I walked out of that door nearly sixteen years ago, with a one year contract, too much luggage and without a long-term plan.

‘Economic migrant’ is an OK label to explain why I left Spain for the UK years ago, but the reasons are more complex to unpick. I was young and a little adventurous and wanted a change. I wanted some space for myself to explore different ways of being, without facing the pressure to conform in a very traditional society.

In my early 20s, I was ready to fly the nest. I wanted to be independent, and earning my own money was a sure way to achieve this. A challenge in a country where unemployment is typically above 20%, much higher for the under 35s.

Now when I visit and step into that time-travel capsule that my parents’ flat is, it seems to have shrunk, shelves packed with childhood mementos, old toys and well-thumbed books. It was me who wanted to go, and yet some days I still wonder about the kind of person I could have been, had I chosen to stay. And yet, like Heraclitus said, you cannot step into the same river twice. Because my old neighbourhood has changed, society has changed, and I have changed.

Little by little, England has become my adoptive home country, whatever the political future brings. Moving here opened up opportunities I wouldn’t have had otherwise, from improving my language skills so I could read the original books (not translations), to meeting an amazing bunch of people from different walks of life, to travelling across the country and beyond. I had no history when I came here and enjoyed creating my own history as time passed. It was also interesting how the exotic or unknown became the everyday, from charity shops to double decker buses.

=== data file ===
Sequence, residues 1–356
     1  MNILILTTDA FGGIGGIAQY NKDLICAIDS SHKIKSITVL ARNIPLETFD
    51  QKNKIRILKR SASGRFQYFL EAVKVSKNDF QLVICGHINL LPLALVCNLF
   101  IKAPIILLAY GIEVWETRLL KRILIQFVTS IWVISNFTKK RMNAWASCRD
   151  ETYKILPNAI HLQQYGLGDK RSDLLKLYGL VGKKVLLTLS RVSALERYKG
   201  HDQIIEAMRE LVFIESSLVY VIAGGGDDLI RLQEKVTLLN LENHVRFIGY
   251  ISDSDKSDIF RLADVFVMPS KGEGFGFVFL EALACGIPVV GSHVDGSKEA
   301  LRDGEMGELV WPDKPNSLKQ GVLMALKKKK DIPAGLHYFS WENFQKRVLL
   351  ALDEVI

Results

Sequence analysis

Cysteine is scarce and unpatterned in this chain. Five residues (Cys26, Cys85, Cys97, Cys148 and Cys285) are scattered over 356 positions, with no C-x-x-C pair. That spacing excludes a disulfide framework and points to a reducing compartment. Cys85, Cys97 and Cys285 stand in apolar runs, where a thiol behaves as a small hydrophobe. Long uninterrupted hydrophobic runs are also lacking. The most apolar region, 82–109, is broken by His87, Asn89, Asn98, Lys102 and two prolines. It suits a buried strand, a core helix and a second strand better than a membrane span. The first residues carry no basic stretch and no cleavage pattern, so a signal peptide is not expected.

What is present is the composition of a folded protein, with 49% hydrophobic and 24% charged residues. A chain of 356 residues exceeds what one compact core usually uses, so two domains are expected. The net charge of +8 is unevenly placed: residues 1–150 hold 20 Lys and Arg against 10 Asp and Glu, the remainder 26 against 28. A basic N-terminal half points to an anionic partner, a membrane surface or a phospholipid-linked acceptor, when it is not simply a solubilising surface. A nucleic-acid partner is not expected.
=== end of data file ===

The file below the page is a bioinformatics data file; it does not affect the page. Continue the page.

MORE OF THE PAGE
As I have grown into an adult, my definition of success has changed, and this will continue to happen as we are forever changing. I have many career/writing/ entrepreneurial goals yet unfulfilled.

There’s always a price to pay for success, or something that passes as success. For every day that my roots become firmer here, it’s a day when my ‘other life’ that could have been mine hasn’t existed. I had had to fight without much needed support sometimes. Family celebrations are often missed and much time is spent away from my elderly parents. I know that one day the phone will ring, and we will have run out of time.

One day, at a posh supermarket in Valencia, I overheard a middle aged man talking to the lady in the till. He was born in one of the Valencian-speaking small towns surrounding the city. Something struck me about the effortless way in which he spoke. He never learnt to speak in a language that wasn’t his own. He was truly home. And then I realised, that my life here is amazing and I wouldn’t change it, but that unspoken yearning for home is still well and truly alive underneath my new roots.